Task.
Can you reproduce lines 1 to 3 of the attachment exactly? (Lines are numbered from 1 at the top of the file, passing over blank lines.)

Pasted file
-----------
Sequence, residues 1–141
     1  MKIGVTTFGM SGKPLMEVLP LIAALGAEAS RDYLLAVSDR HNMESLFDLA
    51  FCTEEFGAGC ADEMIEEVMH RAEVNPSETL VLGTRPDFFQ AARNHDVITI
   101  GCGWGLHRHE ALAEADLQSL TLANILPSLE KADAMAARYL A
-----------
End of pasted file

Sequence, residues 1–141
     1  MKIGVTTFGM SGKPLMEVLP LIAALGAEAS RDYLLAVSDR HNMESLFDLA
    51  FCTEEFGAGC ADEMIEEVMH RAEVNPSETL VLGTRPDFFQ AARNHDVITI